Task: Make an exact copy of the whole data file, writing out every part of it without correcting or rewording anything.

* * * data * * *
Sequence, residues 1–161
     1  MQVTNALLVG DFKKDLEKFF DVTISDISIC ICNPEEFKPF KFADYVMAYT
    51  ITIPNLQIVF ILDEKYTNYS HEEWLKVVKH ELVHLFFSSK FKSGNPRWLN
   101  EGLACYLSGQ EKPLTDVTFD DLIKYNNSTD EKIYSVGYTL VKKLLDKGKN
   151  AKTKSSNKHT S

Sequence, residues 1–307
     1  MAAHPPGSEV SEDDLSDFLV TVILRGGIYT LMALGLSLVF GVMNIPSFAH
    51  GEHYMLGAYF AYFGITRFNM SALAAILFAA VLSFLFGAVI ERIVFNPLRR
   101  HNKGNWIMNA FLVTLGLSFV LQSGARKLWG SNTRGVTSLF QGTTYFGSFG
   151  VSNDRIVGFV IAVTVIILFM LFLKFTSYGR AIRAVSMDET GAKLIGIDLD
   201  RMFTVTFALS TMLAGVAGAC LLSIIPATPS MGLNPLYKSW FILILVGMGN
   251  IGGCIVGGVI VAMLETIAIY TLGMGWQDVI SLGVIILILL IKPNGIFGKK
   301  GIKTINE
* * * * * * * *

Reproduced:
Sequence, residues 1–161
     1  MQVTNALLVG DFKKDLEKFF DVTISDISIC ICNPEEFKPF KFADYVMAYT
    51  ITIPNLQIVF ILDEKYTNYS HEEWLKVVKH ELVHLFFSSK FKSGNPRWLN
   101  EGLACYLSGQ EKPLTDVTFD DLIKYNNSTD EKIYSVGYTL VKKLLDKGKN
   151  AKTKSSNKHT S

Sequence, residues 1–307
     1  MAAHPPGSEV SEDDLSDFLV TVILRGGIYT LMALGLSLVF GVMNIPSFAH
    51  GEHYMLGAYF AYFGITRFNM SALAAILFAA VLSFLFGAVI ERIVFNPLRR
   101  HNKGNWIMNA FLVTLGLSFV LQSGARKLWG SNTRGVTSLF QGTTYFGSFG
   151  VSNDRIVGFV IAVTVIILFM LFLKFTSYGR AIRAVSMDET GAKLIGIDLD
   201  RMFTVTFALS TMLAGVAGAC LLSIIPATPS MGLNPLYKSW FILILVGMGN
   251  IGGCIVGGVI VAMLETIAIY TLGMGWQDVI SLGVIILILL IKPNGIFGKK
   301  GIKTINE